Louis Siminovitch
Dr. Louis Siminovitch left an indelible mark on research at the University of Toronto and hospitals in the city, including UHN, SickKids and Mount Sinai. (Photo: Ontario Ministry of Citizenship and Immigration)

Dr. Louis Siminovitch, widely known as Canada's "founding father of genetics," is being remembered for his remarkable legacy of science and enormous contribution to biomedical research.

Dr. Siminovitch, who in 1956 joined the Ontario Cancer Institute (OCI), the research institute of the Princess Margaret Hospital, left an indelible mark on research at the University of Toronto and other hospitals, including SickKids and Mount Sinai. He passed away this week just shy of his 101st birthday.

"He had a profound impact on so many aspects of the medical research world," said Dr. Christopher Paige, Senior Scientist at the Princess Margaret Cancer Centre and former UHN EVP of Science and Research. "That includes his own ground-breaking work in medical genetics, his international and national leadership, and his incredible contributions to the rise of Toronto as a leading science city through the creation of new university academic departments and hospital centres and institutes.

"Lou Siminovitch had an ability to inspire generations of scientists young and old, and was always driven by the mantra of excellence and the joy of discovery."

Dr. Siminovitch, who was inducted into the Canadian Medical Hall of Fame in 1997 and was awarded the UHN Global Impact Award in 2018, was born in Montreal in 1920 and earned his PhD in chemistry at McGill University in 1944. He went on to the Pasteur Institute in Paris where, under the mentorship of Jacques Monod and Andre Lwoff, he contributed to Nobel Prize-winning work in molecular genetics.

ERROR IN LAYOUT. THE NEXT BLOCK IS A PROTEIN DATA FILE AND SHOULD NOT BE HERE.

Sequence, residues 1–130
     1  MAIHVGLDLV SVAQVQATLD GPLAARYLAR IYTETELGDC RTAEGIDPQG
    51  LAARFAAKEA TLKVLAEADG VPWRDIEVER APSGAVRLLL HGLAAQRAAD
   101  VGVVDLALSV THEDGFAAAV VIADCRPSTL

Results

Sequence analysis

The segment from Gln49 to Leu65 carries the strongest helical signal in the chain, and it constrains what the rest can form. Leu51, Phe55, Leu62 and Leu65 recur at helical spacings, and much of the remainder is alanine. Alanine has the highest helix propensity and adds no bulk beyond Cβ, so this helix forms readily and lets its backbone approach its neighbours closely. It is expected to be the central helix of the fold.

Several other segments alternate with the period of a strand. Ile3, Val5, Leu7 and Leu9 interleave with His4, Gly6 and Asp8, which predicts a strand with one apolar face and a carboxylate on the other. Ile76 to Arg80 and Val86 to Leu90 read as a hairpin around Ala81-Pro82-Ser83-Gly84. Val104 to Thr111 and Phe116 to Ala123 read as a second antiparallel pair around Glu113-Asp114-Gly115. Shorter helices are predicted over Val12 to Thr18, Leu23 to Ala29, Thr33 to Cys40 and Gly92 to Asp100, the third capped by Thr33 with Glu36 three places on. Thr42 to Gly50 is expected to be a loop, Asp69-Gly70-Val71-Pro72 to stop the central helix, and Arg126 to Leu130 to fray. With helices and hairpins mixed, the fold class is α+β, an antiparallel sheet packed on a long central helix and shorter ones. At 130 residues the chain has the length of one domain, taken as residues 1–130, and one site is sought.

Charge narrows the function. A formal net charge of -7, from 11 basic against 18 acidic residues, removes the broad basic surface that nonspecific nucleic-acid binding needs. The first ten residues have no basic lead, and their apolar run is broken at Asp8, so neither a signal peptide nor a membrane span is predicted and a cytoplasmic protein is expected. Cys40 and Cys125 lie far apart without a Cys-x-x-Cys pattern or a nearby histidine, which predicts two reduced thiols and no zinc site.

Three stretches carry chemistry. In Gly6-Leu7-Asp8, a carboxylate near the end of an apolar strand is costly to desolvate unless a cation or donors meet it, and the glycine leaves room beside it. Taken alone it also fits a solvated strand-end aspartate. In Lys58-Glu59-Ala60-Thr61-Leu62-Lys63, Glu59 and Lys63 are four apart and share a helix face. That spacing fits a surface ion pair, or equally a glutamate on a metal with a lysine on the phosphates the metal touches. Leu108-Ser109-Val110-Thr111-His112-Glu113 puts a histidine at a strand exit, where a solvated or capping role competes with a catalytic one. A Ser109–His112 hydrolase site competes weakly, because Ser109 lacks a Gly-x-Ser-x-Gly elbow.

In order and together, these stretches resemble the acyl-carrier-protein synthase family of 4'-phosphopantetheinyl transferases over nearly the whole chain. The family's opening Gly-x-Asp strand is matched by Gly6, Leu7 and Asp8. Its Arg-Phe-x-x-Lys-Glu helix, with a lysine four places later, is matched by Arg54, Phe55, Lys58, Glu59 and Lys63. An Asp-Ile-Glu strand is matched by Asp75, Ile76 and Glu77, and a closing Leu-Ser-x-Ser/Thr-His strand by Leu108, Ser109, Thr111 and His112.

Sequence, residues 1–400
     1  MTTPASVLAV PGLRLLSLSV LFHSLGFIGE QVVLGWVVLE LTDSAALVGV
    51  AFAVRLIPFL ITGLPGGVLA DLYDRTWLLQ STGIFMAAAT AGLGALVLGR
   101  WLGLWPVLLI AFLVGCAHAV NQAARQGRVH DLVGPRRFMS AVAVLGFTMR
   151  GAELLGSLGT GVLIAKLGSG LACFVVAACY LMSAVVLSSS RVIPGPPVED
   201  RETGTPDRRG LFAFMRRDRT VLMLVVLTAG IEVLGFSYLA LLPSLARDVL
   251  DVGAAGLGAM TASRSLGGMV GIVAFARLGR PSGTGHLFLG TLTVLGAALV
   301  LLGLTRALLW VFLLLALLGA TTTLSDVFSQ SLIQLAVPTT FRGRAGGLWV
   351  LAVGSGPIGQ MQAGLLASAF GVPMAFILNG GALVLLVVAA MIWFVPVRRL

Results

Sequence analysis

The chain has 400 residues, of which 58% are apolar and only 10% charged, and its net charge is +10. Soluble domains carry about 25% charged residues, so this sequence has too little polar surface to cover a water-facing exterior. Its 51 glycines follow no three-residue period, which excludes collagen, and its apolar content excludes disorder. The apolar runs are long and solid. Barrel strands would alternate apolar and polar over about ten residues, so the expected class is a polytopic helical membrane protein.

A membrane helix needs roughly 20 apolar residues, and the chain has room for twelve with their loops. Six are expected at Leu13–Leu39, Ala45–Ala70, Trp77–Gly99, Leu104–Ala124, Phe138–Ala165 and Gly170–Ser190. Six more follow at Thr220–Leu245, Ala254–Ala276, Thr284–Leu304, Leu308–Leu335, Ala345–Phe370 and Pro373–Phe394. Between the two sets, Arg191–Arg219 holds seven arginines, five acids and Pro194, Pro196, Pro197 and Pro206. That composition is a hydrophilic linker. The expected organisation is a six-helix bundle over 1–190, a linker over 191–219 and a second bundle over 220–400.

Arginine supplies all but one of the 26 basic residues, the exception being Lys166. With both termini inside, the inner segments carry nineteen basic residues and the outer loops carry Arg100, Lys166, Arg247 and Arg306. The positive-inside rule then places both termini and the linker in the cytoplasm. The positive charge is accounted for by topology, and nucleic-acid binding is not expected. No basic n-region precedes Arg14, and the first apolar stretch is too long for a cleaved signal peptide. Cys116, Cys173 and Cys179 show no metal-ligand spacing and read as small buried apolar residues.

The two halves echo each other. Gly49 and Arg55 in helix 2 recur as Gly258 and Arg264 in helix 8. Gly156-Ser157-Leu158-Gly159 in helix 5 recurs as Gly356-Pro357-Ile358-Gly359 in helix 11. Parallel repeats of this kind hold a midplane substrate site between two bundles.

At OCI, he pioneered a method for obtaining mutants in mammalian cells in tissue culture, which laid substantial groundwork into the genetic roots of diseases such as cancer and the discovery of the genes for muscular dystrophy and cystic fibrosis by generations of his trainees and colleagues. That resulted in more than 200 manuscripts in peer-reviewed journals in the fields of virology, stem cell differentiation and haematopoiesis.

Mentorship and leadership came naturally to Dr. Siminovitch as well. He taught many as a professor at the U of T and influenced and trained two generations of Canadian biomedical researchers. He later served as a Chairman and led the development of the U of T's Medical Genetics Department.

"He left a remarkable legacy; a legacy of science," said Dr. John Dick, Senior Scientist at the Princess Margaret, who was mentored by Dr. Siminovitch and last year spoke at his 100th birthday celebration.

"He gave birth to what is now several generations of molecular genetic research in Canada, spawning a new school. This has contributed to Canadian science punching far above its weight class on the international stage."

Dr. Dick added that Dr. Siminovitch also left "a legacy of how to do science.

"To conduct science only at the top level-never settle for anything less; to focus on the big questions rather than the fads; to set a standard for rigor and resistance for sloppy thinking."

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